It’s important to develop critical and creative thinking skills. It’s also important to develop problem-solving skills based in common sense that include giving deliberate attention to using good judgment, thinking things through, considering intended—and unintended—consequences of actions (or lack of them), weighing options, and making sensible decisions.

On a scale of one to ten with one being “have none” and ten being “role model for humanity,” rate your common sense.

The three great essentials to achieve anything worthwhile are first, hard work; second, stick-to-itiveness; third, common sense.
• Thomas Alva Edison

* American proverb


Play The World of Mindcraft: No Purchase Necessary

January 25, 2010

Computer scientist Alan Perlis complained about education, saying, “It goes against the grain of modern education to teach students to program,” asking, “What fun is there to making plans, acquiring discipline, organizing thought, devoting attention to detail, and learning to be self-critical?” Yet the things he describes are exactly the kinds of things that are part of fun in learning. The problem is that not everyone is interested in learning to program. And without interest, almost any activity, no matter how fascinating it is to someone else, is drudgery (see post: “There IS a Formula for Drudgery,” September 16, 2009).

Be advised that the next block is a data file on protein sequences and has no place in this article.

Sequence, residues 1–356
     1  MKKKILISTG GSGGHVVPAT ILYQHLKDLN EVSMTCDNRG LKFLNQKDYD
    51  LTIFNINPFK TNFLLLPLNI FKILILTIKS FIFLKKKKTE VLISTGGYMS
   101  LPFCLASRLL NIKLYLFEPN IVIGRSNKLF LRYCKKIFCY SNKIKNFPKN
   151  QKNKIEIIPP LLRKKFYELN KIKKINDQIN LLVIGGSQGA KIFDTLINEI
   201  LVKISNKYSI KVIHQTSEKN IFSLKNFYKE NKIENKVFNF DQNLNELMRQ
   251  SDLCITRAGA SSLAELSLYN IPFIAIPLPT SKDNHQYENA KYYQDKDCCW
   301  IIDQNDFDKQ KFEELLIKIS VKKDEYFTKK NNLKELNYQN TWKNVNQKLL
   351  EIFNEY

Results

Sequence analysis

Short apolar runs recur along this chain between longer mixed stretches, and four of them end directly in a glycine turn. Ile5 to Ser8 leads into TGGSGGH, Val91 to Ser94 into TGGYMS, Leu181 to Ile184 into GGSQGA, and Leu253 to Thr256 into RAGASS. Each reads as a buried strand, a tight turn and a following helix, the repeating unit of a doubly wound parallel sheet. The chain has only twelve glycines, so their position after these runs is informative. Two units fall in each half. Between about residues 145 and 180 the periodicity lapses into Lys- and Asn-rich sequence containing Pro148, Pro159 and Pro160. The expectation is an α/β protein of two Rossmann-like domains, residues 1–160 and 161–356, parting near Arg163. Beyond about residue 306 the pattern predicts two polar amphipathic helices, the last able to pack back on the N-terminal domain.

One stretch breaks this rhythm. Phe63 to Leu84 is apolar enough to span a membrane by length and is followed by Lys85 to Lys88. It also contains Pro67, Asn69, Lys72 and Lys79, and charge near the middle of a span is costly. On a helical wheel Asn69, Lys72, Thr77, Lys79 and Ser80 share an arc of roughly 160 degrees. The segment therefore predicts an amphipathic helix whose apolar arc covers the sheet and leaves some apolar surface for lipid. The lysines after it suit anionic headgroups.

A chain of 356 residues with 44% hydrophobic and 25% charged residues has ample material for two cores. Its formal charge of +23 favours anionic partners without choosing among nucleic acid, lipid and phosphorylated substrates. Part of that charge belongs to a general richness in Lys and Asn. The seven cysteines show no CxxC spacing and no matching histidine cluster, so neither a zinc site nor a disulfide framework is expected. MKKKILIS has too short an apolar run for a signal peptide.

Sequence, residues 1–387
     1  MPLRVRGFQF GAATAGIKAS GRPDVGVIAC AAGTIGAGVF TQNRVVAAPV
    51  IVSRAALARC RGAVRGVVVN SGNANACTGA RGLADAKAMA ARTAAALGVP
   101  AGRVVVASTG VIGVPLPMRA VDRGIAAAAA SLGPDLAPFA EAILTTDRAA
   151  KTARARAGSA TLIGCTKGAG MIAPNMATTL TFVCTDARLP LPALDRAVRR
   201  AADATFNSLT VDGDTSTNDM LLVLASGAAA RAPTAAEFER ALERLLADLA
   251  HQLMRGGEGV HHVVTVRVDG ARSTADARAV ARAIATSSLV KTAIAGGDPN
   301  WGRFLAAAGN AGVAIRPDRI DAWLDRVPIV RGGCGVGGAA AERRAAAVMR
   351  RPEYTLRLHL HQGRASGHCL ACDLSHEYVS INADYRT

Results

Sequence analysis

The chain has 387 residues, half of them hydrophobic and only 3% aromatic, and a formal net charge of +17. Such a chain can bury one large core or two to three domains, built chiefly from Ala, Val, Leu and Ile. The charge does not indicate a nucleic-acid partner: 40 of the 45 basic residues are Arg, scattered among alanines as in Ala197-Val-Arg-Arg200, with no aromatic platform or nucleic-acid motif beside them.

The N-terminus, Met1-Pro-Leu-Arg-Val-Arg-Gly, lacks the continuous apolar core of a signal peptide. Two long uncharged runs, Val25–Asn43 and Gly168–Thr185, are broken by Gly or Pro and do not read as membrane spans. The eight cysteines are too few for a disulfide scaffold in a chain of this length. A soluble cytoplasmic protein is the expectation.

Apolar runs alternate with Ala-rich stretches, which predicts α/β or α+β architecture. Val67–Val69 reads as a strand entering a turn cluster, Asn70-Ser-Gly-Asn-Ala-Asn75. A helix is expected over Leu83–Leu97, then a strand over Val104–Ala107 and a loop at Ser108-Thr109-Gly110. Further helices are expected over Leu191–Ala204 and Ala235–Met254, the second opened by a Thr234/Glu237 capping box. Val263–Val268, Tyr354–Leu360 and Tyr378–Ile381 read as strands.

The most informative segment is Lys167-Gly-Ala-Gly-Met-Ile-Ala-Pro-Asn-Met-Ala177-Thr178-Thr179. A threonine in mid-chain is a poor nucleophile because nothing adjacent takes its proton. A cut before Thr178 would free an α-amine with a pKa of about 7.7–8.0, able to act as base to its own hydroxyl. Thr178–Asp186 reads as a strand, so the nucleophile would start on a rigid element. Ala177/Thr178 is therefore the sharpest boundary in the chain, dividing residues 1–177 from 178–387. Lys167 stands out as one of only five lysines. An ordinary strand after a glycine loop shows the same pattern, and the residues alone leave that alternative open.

When you’re in school, there’s definitely going to be some drudgery involved whether or not a subject interests you. It’s difficult to avoid it. Almost every discipline has knowledge and skills that take time and deliberate attention to acquire, so even if you love a particular subject, you’re likely to encounter times when what you’re studying is just plain hard work. If you don’t love it, the work may be even harder. Doing the hard work is empowering. Grappling with confusion and uncertainty and coming to understanding builds belief in your ability to successfully meet the challenges not just of school, but of life. It is fun to complete an assignment and know that the work you hand in is meaningful and represents real effort on your part.